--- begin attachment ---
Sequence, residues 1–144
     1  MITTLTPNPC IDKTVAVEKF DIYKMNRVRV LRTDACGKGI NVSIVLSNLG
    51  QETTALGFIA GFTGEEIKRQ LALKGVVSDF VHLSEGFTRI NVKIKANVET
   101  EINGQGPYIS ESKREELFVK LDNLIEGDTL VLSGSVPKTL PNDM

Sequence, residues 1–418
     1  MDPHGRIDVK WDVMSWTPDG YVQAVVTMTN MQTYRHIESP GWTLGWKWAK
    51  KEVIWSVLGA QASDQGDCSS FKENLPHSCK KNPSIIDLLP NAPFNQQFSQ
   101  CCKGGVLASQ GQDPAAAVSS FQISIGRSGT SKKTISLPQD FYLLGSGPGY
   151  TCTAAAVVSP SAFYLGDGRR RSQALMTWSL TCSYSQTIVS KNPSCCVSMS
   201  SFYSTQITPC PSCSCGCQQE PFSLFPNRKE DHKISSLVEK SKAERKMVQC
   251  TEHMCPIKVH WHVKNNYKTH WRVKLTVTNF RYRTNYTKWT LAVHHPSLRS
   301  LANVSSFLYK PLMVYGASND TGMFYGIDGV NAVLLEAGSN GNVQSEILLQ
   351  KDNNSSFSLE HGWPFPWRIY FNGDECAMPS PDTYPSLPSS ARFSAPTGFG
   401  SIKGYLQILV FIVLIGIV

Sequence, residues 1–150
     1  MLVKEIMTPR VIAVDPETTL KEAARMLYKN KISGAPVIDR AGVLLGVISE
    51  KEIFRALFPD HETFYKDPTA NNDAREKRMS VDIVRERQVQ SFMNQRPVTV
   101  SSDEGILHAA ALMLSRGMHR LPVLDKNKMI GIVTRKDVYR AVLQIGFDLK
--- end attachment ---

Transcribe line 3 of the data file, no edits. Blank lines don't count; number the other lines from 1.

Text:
    51  QETTALGFIA GFTGEEIKRQ LALKGVVSDF VHLSEGFTRI NVKIKANVET